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Things to do for GNU grep

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Short term work

See where we are with UTF-8 performance.

Merge Debian patches that seem relevant.

Go through patches in Savannah.

Fix --directories=read.

Write better Texinfo documentation for grep.  The manual page would be a
good place to start, but Info documents are also supposed to contain a
tutorial and examples.

Some tests in tests/spencer2.tests should have failed!  Need to filter out
some bugs in dfa.[ch]/regex.[ch].


GNU grep originally did 32-bit arithmetic.  Although it has moved to
64-bit on 64-bit platforms by using types like ptrdiff_t and size_t,
this conversion has not been entirely systematic and should be checked.

Lazy dynamic linking of libpcre.  See Debian’s 03-397262-dlopen-pcre.patch.

Check FreeBSD’s integration of zgrep (-Z) and bzgrep (-J) in one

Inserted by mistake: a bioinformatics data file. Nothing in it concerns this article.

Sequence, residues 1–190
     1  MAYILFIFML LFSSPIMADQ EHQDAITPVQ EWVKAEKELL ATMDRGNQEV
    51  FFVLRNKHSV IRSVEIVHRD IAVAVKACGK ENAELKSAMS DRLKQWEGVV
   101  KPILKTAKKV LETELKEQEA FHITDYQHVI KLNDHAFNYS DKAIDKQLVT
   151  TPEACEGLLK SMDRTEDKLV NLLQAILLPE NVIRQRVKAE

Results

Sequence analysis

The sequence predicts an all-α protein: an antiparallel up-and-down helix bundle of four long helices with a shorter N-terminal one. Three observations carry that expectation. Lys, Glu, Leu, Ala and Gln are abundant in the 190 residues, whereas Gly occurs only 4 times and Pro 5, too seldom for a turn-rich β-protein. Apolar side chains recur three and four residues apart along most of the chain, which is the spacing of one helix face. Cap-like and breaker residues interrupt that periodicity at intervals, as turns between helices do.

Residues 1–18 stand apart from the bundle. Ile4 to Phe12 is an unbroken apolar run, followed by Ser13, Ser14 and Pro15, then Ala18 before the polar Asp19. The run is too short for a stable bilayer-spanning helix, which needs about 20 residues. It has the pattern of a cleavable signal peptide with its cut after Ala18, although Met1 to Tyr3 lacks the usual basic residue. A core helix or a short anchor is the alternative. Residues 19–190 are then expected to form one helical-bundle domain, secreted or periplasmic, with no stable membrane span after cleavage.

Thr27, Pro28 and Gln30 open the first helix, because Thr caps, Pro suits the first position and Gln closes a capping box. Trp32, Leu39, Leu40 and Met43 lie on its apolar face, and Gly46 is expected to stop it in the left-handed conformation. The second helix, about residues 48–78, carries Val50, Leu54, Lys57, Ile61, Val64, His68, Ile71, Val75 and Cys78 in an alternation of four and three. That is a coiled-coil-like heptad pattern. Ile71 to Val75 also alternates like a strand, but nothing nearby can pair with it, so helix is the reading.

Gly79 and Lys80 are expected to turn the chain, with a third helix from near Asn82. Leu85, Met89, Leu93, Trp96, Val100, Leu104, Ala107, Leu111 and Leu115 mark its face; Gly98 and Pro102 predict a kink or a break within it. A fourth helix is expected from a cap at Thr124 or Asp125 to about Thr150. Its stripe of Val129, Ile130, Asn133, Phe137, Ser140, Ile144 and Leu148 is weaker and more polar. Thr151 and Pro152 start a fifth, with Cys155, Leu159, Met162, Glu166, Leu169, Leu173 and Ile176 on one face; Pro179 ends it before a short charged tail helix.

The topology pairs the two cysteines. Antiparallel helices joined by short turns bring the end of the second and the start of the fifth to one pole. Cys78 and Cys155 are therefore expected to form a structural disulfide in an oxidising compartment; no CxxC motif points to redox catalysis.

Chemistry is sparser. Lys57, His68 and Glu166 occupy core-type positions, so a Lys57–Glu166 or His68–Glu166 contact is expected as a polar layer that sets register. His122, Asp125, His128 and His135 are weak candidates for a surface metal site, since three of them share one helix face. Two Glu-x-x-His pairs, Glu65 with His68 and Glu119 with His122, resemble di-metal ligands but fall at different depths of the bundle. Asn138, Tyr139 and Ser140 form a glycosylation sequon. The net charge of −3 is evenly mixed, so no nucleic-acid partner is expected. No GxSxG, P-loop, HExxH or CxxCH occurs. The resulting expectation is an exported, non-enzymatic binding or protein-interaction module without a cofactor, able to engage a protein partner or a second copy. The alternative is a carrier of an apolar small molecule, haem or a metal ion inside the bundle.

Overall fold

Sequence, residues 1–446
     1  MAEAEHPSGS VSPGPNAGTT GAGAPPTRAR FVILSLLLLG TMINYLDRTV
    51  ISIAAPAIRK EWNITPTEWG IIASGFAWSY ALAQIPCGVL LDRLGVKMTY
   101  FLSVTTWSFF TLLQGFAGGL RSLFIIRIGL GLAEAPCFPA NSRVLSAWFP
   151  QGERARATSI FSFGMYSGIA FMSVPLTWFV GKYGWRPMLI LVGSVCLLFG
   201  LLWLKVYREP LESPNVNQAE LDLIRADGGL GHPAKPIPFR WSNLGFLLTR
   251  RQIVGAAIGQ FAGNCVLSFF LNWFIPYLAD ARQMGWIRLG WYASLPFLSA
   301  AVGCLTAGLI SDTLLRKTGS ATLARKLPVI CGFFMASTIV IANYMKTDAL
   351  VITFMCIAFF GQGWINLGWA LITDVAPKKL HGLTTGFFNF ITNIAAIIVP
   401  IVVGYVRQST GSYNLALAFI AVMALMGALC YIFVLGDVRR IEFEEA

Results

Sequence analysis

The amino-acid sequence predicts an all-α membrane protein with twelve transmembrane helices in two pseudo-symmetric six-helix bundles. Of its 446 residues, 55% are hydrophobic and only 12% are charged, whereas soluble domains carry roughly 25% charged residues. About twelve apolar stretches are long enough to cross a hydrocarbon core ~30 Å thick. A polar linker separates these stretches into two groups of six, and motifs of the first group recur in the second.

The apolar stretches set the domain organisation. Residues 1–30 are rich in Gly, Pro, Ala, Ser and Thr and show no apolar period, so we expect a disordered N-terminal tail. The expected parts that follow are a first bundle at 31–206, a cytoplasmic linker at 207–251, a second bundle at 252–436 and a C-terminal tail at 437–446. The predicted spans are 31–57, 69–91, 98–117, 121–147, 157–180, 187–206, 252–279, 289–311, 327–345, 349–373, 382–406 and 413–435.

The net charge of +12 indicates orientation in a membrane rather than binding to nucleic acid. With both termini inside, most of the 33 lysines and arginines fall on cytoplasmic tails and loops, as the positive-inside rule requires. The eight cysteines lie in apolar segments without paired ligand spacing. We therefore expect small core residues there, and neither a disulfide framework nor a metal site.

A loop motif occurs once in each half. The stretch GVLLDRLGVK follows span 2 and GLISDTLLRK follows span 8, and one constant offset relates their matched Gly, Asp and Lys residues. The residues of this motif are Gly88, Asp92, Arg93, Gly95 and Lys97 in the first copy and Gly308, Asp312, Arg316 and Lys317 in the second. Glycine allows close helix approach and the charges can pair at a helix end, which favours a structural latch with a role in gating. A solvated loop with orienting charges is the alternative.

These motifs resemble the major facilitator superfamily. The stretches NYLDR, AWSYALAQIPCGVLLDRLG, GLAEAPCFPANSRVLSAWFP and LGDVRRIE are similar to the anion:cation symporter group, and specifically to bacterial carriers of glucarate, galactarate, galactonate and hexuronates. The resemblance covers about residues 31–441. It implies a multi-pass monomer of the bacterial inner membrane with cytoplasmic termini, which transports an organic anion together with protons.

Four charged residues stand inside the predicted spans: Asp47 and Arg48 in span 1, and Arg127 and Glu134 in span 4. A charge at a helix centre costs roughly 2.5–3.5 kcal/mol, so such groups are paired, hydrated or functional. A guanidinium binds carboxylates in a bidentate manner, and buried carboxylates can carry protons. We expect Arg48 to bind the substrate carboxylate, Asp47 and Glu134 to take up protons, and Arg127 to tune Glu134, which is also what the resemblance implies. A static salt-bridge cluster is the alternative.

binary.  Is there a possibility of doing even better by automatically
checking the magic of binary files ourselves (0x1F 0x8B for gzip, 0x1F
0x9D for compress, and 0x42 0x5A 0x68 for bzip2)?  Once what to do with
libpcre is decided, do the same for libz and libbz2.

Matching algorithms

Take a look at these and consider opportunities for merging or cloning:

   -- ja-grep’s mlb2 patch (Japanese grep)
   -- lgrep (from lv, a Powerful Multilingual File Viewer / Grep)
   -- cgrep (Context grep) <>
      seems like nice work;
   -- sgrep (Struct grep) <>;
   -- agrep (Approximate grep) <>,
      from glimpse;
   -- nr-grep (Nondeterministic reverse grep)
   -- ggrep (Grouse grep) <>;
   -- freegrep <>;

Check some new algorithms for matching.  See, for example, Faro &
Lecroq (cited in kwset.c).

Fix the DFA matcher to never use exponential space.  (Fortunately, these
cases are rare.)

Standards: POSIX and Unicode

For POSIX compliance issues, see POSIX 1003.1.

Current support for the POSIX [= =] and [. .] constructs is limited to
platforms whose regular expression matchers are sufficiently
compatible with the GNU C library so that the --without-included-regex
option of ‘configure’ is in effect.  Extend this support to non-glibc
platforms, where --with-included-regex is in effect, by modifying the
included version of the regex code to defer to the native version when
handling [= =] and [. .].

For Unicode, interesting things to check include the Unicode Standard
<> and the Unicode Technical